Golf | 03 Feb 2018 | By Michael Vlismas
The Asian Tour - Go East, Young Golfer!
After packing away his club, Nico Van Rensburg now works with his good friend Ernie Els as his Business Development Manager.
For some it was the best-kept secret in golf. It didn’t matter that you couldn’t speak the language or that the restaurant menus looked more like a list of marine animals to be found at your local aquarium. Asia spoke the language many golf pros understand – money and opportunity.
In January, Lyle Rowe became the latest South African professional to secure his playing privileges on the Asian Tour.
He does so after Shaun Norris made comfortably more than R10 million there last year and topped the Asian Tour Order of Merit briefly early this year. Keith Horne and Jbé Kruger have also found it a happy hunting ground.
But before them, the men who pioneered the Great Trek to the East were Nico van Rensburg and Des Terblanche.
Nico Van Rensburg in particular won three times on the Asian Tour between 1995 and 1999. He even won a house over there.
“I won the tournament and the owner of the estate gave me a house on the property. It was worth more than my prizemoney,” says Van Rensburg.
The big South African who grew up playing alongside close friends Ernie Els and Retief Goosen says his initial decision to try Asia was out of necessity.
The very definition of being a professional is your ability to earn a living from your profession, and professional golf for all its emotion and the grandiose world-number-one dreams of so many young kids is no exception.
And in the late 80s and early 90s, Van Rensburg had to make a hard choice.
“We couldn’t play anywhere else in the world politically. While on honeymoon in Asia, I met a guy by the name of Don Robertson. He was one of the Americans to come over and play in South Africa in those years, along with Tommy Tolles and Tom Lehman. He said you’ve got to come and play in Asia because there’s good money to be made. So in 1992 I decided to make a serious move to try and play outside South Africa.”
Van Rensburg watched as the career of his good friend Els was on the rise, and knew he had to make a very realistic decision about his own career.
“Some guys are just that much better and can get the shine. But not everybody can be Ernie Els or a great player like Louis Oosthuizen, Charl Schwartzel or Branden Grace. I had to make a conscious choice to earn a living for my family, so I went overseas. You go where you can make a living.
“There is a lot of money in Asia to be played for, but you must be prepared to get your backside off the seat and travel. You can play for $500 000 and more every week in Asia. You must be able to take the risk.
“I sold everything I had and holed a five iron from 200 yards out to get the last card at the Asian Tour Qualifying School, and by the end of that year I had $50 000 in my bank account. I went from being broke to taking chances and winning three times there.”
Van Rensburg also didn’t treat himself to the luxury of too much time off while over there.
“I was playing for 10 to 15 weeks in a row. Today’s pros are crying when they play four weeks in a row. One year I played 18 weeks in a row. It was an opportunity to play.”
It’s no surprise then that when George Coetzee had just turned professional and missed his card on the European Tour at his first attempt, Van Rensburg was quick to tell him not to wait to try again the next year.
“I told him to get over to Asia, learn his trade and then move on to the bigger tours. Not everybody in this game goes straight to the main show on the PGA Tour or European Tour. I told Shaun (Norris) the same thing.”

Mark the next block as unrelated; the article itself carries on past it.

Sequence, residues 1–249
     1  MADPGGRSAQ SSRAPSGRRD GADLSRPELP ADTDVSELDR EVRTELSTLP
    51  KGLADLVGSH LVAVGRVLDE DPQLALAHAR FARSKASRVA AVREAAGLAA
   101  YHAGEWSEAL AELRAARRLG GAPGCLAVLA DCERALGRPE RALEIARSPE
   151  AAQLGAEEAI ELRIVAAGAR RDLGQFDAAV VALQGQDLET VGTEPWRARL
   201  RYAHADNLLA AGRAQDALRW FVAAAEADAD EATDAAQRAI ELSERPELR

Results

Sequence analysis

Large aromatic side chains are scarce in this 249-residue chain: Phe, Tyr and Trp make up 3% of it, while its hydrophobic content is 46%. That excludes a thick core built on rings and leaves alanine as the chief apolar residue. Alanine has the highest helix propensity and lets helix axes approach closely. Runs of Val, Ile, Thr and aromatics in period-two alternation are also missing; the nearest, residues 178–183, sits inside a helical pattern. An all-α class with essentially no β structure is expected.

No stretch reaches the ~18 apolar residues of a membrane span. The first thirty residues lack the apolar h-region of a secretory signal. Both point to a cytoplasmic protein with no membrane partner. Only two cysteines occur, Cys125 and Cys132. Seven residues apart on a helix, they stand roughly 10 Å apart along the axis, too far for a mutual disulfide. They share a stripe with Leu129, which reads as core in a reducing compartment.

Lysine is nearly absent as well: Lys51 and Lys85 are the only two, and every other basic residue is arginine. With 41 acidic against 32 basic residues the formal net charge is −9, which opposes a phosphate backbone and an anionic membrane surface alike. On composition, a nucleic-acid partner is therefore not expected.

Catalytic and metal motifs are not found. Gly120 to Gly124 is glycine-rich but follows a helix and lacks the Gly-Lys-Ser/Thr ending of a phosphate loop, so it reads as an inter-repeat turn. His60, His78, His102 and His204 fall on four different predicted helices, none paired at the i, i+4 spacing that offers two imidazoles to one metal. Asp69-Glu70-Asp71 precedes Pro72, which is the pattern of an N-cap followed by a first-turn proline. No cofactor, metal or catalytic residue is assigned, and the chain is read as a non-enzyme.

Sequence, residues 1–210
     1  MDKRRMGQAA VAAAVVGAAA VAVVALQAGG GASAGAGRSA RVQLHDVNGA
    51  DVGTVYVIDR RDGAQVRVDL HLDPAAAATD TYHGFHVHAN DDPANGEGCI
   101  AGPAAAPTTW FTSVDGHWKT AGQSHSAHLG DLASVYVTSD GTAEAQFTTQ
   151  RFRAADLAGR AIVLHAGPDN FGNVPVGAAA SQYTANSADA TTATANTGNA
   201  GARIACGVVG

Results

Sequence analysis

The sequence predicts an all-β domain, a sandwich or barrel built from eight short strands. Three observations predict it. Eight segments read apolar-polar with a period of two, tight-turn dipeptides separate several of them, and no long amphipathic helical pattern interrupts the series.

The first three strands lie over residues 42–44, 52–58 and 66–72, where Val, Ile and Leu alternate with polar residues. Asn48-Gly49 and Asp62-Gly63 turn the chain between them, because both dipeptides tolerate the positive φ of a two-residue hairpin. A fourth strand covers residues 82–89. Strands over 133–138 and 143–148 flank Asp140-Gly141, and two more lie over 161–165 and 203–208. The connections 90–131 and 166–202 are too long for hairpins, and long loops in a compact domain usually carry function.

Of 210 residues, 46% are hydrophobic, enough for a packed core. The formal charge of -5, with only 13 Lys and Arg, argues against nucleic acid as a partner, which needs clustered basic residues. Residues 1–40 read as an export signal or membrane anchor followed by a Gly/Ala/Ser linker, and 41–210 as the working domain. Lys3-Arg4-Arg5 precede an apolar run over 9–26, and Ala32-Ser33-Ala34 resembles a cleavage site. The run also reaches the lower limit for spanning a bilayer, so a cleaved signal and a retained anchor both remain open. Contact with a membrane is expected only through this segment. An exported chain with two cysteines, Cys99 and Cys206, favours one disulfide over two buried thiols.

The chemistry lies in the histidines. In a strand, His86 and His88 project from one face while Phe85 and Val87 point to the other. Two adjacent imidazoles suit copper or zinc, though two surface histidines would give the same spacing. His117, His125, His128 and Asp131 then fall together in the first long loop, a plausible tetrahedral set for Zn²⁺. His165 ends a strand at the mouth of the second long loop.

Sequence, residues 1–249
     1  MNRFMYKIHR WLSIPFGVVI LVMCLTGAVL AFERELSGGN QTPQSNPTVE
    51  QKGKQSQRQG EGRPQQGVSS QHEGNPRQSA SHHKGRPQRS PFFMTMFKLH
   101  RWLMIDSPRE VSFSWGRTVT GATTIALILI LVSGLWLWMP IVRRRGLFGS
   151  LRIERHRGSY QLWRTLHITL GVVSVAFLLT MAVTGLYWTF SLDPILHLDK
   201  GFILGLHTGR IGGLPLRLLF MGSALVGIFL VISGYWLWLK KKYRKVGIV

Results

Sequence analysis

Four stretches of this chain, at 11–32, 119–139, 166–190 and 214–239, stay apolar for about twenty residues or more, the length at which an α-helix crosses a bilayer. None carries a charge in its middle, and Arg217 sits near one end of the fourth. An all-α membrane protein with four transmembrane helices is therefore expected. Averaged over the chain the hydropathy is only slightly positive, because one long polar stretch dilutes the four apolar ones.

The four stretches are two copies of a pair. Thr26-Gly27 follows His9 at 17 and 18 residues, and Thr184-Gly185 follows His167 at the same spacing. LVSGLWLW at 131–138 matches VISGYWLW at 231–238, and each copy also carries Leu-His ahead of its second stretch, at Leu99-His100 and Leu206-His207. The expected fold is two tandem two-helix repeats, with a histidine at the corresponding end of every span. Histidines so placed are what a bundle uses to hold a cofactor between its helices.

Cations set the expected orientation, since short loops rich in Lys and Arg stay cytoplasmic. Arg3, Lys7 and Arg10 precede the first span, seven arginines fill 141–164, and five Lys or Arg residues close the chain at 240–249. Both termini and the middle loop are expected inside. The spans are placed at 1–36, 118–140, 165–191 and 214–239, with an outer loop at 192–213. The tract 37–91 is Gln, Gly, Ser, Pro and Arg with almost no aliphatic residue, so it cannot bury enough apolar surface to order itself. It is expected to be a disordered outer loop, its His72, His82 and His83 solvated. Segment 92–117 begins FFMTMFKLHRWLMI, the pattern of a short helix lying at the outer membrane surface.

That advice radically changed Norris’s career. While Norris was a solid Sunshine Tour player with some good wins in the Africa Open and Nashua Masters, a combination of events had led to him considering giving up golf for good.
“My dad was diagnosed with cancer and I spent a lot of time at home helping my parents,” Norris told me in an interview for Compleat Golfer magazine.
“You can’t explain in words how rough it is to go through cancer and chemo and so on. It shows you that there are more important things in life than worrying about a golf tournament. We’re a very close family so it was really rough on all of us.
“Back then I wasn’t playing the greatest golf and was getting to a point of really being over this. Then my dad got better, and the first thing he said was, ‘When are you going to start practising again?’ That kind of restarted the clock for me, and I decided to push even harder.”
And that’s when Van Rensburg also advised him to try the Asian Tour.
Norris took the opportunity and won the Japan Golf Tour Championship, the flagship tournament on that tour, to qualify for his first Major – the Open Championship at Royal Birkdale.
There he made the cut and finished tied 62nd, including a third round of 65 which was only three shots off the record 62 posted by Branden Grace later that day.
“Nico also told me how good the quality of golf is out there,” said Norris.
“It’s really just a case of getting used to their golf courses. A lot of them are coastal-type courses with Bermuda greens, so that takes a bit of getting used to. I feel comfortable out there now.”
Van Rensburg is not surprised Norris has settled so well over there.
“Asia is perfectly suited to Shaun’s game. The new stadium golf courses they’ve got there are perfect for long hitters, which many South Africans are."
“The weather conditions are very much like Durban in January. And it wasn’t expensive then and still isn’t now. It’s still fairly cheap for South Africans compared with playing in Europe. It’s a well-structured Tour with transport from hotels to golf tournaments and so on. It’s much cheaper than travelling in Europe.
“For South African golfers it’s perfect.”